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In DR Congo, Goma residents worry about life after rebels' departure

Rebels who took Goma, DR Congo's second-largest city, have sent mixed messages about withdrawal. Some residents say security improved after the rebels claimed the city.

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Congolese policeman in riot gear keeps an eye on Goma residents including street children who gathered for an anti-Kabila demonstration supported by the M23 rebel movement in Goma, eastern Congo, Wednesday, Nov. 28.

Jerome Delay/AP

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Following days of doubt regarding whether M23 rebels in eastern Congo would withdraw from Goma, it appears that they have begun to return to their stronghold north of the country's second-largest city. But there are indications the rebels could yet reverse course. 

Standing atop a mountain overlooking the frontline on Wednesday, rebel commander Lieut.-Col. Masozera claimed his troops will soon start to leave. “We have begun our withdrawal,” Masozera said. “It will take a few days, though.”

Regional leaders had called for the rebels to withdraw from Goma by midnight Monday. At a press conference Tuesday in an upscale hotel on the Congo-Rwanda border, the group's political leader, Jean-Marie Runiga, said M23 would not pull out of Goma until the Congolese government met a string of demands, including the release of political prisoners. On the same day, though, the group's military chief Sultani Makenga said they would pull out immediately, without any conditions.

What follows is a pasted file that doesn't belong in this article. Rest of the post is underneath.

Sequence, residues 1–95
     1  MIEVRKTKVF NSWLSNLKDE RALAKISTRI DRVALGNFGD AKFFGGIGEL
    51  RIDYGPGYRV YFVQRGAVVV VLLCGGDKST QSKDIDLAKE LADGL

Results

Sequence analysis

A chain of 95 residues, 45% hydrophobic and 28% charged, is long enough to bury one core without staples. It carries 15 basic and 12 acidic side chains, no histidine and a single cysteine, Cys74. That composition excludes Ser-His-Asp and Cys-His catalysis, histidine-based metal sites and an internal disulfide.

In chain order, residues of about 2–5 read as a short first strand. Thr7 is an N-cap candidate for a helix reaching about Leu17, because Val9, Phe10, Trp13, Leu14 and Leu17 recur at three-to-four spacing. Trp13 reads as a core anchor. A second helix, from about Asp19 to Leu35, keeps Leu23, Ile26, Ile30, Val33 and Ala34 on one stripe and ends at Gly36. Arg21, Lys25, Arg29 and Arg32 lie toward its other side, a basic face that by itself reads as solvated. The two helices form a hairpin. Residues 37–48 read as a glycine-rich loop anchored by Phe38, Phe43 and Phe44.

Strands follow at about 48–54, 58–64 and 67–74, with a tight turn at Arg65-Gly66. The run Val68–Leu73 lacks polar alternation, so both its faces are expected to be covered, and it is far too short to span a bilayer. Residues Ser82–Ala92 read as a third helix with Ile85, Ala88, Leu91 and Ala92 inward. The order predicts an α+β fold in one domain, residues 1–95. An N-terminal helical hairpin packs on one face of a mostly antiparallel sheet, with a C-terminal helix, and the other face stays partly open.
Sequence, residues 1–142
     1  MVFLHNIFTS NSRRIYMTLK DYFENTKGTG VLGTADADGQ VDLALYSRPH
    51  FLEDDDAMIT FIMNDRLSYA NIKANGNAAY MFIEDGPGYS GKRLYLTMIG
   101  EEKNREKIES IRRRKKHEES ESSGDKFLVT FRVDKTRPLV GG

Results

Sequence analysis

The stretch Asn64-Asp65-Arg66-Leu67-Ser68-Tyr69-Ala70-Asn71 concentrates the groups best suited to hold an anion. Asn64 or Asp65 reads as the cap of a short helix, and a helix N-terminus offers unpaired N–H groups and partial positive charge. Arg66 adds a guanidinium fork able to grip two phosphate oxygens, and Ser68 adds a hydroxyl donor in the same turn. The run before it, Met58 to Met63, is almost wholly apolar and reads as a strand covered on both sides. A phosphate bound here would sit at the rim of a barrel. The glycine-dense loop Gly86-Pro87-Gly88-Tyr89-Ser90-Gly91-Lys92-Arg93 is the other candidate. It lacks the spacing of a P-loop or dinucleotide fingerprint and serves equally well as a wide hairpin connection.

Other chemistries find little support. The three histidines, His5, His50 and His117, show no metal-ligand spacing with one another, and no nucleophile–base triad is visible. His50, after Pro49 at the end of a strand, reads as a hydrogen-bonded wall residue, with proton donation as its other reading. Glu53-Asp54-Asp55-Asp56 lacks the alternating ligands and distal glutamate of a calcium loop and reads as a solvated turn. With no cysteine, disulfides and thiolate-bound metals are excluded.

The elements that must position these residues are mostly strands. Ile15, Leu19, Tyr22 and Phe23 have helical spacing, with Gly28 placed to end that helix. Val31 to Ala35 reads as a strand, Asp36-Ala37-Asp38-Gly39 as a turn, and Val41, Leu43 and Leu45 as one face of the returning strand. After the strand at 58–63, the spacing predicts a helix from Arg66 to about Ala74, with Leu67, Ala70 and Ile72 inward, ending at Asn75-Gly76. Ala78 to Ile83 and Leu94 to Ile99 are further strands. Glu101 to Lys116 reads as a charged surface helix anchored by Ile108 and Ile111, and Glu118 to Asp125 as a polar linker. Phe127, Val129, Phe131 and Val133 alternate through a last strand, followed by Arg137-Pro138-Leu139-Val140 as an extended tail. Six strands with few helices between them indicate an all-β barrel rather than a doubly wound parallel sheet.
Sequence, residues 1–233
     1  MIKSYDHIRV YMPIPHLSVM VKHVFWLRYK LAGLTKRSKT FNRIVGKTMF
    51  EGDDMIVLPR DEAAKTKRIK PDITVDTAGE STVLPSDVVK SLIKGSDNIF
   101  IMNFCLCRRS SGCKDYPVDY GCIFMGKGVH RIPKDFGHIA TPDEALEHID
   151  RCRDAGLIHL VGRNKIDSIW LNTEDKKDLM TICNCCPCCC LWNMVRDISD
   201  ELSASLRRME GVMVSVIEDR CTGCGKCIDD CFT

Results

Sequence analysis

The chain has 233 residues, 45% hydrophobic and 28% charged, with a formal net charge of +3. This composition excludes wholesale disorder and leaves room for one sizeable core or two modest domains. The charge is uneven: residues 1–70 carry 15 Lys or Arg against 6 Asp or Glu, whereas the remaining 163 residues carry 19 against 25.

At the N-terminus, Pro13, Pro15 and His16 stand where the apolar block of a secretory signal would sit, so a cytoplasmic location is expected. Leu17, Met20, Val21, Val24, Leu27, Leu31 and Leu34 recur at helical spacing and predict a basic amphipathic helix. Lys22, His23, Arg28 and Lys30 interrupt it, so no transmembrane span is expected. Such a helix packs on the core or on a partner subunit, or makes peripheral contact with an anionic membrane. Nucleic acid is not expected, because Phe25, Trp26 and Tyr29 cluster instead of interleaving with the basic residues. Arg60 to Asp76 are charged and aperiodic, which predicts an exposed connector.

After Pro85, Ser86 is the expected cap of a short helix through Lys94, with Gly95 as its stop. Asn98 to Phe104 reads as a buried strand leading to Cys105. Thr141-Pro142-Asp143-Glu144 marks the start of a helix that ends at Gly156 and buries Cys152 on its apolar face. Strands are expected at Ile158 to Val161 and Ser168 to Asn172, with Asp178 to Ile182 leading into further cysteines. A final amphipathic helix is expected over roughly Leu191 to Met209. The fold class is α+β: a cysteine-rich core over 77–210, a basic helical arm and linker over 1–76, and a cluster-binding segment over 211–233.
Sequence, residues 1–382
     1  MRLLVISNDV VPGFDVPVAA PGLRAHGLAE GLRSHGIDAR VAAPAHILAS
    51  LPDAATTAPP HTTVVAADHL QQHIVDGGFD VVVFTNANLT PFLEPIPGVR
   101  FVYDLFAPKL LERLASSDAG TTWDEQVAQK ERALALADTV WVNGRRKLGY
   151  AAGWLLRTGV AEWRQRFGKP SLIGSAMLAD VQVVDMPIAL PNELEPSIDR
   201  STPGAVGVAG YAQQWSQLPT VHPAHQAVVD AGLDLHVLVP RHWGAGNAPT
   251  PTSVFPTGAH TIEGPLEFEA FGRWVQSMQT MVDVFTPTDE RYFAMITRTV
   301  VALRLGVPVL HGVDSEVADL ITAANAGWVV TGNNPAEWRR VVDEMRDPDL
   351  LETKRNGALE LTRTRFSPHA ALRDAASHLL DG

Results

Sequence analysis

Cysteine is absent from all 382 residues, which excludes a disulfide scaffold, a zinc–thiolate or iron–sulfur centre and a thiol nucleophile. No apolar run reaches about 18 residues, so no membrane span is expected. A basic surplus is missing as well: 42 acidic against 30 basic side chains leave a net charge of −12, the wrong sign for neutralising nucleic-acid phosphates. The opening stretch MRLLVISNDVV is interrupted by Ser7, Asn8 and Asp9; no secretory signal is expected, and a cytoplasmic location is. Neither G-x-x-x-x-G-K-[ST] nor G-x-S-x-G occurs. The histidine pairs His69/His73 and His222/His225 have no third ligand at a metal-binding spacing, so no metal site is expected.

At Karuba, situated close to the frontline, around 24 miles outside of Goma, there was no immediate evidence of a withdrawal. Masozera said his troops would start to withdraw on Friday and head to Sake, northwest of Goma. When asked what they would do at Sake, Masozera  replied, “We will standby for further orders.”

But late Thursday, there were reports that the Democratic Republic of Congo Army (FARDC) was advancing on rebels, spurring M23 troops to reinforce their positions rather than withdraw. Congo's government in Kinshasa has voiced skepticism over their plans for withdrawal and been infuriated by rebels' declared plans to keep control of the city's airport.

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